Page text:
Takisanji Oni Matsuri
Photography by Thaddeus Pope
The Takisanji Oni Matsuri (Takisanji Ogre Festival) at Takasanji Temple in Aichi Prefecture takes place on the evening of the last day of shushoe (修正会) – an annual ritual to pray for peace and good harvest for the coming year, which lasts for seven days from January 1st in the old Japanese calendar. This unusual festival, which features a spectacular fire-based purification ceremony, is said to have begun during the rule of Minamoto no Yoritomo (1147–1199), founder and first Shogun of the Kamakura Shogunate of Japan.
One central aspect of the festival involves bestowing blessings on males aged 12, 25 and 42 from the local community. Three of these males are chosen to participate in the purification ritual while wearing ceremonial ogre masks. A 42-year-old wears the mask of the Grandfather, a 25-year-old wears the mask of the Grandmother, and a 12-year-old wears the mask of the Grandchild. These unusual masks are believed to have been created by Unkei (1151–1223), the celebrated master woodcrafter from the Kamakura period.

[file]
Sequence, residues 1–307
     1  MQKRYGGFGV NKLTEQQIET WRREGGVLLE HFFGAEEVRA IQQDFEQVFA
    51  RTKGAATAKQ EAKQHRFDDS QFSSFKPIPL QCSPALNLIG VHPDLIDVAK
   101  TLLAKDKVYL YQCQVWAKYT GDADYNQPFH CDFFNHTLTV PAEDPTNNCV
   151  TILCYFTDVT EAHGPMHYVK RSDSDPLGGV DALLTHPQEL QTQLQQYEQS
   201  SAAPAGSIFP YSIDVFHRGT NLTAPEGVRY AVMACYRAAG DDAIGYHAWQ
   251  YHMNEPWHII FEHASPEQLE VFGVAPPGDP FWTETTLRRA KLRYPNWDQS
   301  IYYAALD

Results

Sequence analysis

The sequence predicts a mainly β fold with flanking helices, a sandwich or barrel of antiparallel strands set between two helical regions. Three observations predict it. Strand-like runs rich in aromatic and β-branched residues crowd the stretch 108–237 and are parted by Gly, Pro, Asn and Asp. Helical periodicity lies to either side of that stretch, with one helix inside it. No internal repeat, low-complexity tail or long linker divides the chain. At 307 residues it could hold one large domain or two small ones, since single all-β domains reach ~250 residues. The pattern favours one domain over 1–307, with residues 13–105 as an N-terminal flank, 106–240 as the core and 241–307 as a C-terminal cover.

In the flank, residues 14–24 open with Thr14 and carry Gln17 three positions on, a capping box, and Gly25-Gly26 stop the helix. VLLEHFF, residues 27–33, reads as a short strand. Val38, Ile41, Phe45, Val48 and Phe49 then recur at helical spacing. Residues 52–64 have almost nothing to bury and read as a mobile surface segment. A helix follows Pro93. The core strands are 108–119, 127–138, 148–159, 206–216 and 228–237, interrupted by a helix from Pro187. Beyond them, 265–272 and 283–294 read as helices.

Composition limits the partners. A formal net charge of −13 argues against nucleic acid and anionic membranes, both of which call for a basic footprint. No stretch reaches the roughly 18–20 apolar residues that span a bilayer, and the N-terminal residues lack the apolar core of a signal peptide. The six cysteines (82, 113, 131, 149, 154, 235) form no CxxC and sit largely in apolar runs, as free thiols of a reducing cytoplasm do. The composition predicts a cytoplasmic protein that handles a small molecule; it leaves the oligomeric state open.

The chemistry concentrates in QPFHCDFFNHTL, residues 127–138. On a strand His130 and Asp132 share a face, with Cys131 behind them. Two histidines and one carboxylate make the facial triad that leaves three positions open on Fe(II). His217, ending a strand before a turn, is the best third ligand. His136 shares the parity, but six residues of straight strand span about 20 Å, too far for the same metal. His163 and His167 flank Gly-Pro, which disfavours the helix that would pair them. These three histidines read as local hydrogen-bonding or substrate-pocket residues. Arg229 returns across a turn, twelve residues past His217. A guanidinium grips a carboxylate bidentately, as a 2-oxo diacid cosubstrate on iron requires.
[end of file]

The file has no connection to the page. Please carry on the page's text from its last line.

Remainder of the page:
Despite their frightening appearance, the three masked ogres are entrusted with the responsibility of driving evil out from the temple. On close inspection, you will see that they hold peculiar objects in their hands, including axes and bells – these are used as weapons to chase away evil spirits. They also hold large rice cakes, which symbolise the promise of peace and a good harvest for the year to come.
Based in Japan, Thaddeus Pope is a photographer, videographer and web/print designer with a passion for human-centred visual storytelling. He is available for assignments in Japan and around the world.
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